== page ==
Comment: It's an interesting question at an interesting time.

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It's an interesting question at an interesting time.

Although a serious system in a temperate climate is still $10,000- $35,000, it is getting closer to when solar can supply all of our energy needs economically IF we reduce our energy demands.

High efficiency lighting is available at reasonable hardware store prices which can reduce electricity usage by up to 80%. The less demand you have, the smaller the solar collector system you need.

Super insulation can reduce heating and cooling needs by a similar amount. Reducing lighting and heating requirements by 80% obviously reduces the size of a solar collector system needed by a large percent.

Solar collector efficiencies are going up at the same time the costs are coming down. (Solyndra was, to some extent, killed by a drastic price drop in Chinese made solar panels)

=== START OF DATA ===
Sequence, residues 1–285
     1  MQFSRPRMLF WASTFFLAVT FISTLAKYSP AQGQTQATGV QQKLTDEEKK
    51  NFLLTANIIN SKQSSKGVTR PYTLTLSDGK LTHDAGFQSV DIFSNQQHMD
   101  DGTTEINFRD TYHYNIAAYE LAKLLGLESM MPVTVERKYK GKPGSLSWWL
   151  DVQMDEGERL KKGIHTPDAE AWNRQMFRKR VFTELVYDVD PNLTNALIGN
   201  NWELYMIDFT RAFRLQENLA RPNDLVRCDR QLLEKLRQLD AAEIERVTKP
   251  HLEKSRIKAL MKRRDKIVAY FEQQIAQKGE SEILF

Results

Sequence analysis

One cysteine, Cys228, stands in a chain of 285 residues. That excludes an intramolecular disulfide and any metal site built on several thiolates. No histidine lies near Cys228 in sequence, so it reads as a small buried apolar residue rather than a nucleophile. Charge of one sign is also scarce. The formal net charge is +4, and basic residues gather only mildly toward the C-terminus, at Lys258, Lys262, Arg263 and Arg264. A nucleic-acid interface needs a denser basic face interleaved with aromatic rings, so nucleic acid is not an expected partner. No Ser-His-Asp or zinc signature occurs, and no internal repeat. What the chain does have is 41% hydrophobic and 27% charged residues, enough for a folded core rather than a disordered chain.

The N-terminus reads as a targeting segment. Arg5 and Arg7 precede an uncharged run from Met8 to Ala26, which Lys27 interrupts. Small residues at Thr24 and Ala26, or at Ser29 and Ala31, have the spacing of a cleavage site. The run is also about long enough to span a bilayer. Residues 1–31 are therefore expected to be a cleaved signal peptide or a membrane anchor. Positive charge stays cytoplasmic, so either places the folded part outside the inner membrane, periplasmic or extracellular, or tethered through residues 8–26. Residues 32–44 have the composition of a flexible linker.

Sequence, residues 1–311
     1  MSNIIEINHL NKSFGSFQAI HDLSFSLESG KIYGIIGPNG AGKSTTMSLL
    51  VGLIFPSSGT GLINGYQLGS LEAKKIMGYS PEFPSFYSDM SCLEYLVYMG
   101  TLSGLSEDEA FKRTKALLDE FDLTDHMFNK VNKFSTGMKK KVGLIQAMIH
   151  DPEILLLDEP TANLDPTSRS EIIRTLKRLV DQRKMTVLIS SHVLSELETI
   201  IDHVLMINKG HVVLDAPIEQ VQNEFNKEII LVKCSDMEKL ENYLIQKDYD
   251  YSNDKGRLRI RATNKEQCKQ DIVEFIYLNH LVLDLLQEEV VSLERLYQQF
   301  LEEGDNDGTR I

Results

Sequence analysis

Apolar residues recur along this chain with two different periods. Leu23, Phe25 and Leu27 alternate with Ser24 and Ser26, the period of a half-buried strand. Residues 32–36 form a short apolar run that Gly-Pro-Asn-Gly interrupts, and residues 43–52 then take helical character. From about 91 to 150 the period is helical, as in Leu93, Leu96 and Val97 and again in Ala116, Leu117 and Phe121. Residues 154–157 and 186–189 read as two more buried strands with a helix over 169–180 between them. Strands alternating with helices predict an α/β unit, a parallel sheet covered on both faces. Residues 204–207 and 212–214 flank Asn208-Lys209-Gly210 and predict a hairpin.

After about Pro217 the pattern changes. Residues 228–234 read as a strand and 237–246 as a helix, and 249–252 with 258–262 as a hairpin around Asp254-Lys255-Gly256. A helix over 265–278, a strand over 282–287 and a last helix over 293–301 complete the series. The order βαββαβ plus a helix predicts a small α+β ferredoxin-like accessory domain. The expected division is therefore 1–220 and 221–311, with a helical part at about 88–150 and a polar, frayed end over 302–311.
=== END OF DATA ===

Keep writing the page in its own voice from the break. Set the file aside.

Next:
Years ago, as I recall, solar panels were about $6 per watt.
I'm now seeing them for just under a buck a watt, and a buck is worth less than it was worth back then.

For me, new foam insulation and high efficiency lighting in my Chicago area business has been so effective that most of the heat in the place comes in the form of waste heat from two 5 HP compressor motors, electric water heater, washer and dryer, phase convertor, 5 HP jet washer, 3 computers, lighting and the TV. None of them run all the time.

Although adequate solar systems are still too expensive for the Chicago area, and windmills are out of the question, cold climate mini split heat pump/AC units are cost effective especially if it is time to buy the furnace or AC unit. Heating costs can be reduced by half or more.

"Timid men prefer the calm of despotism to the tempestuous sea of liberty" TJ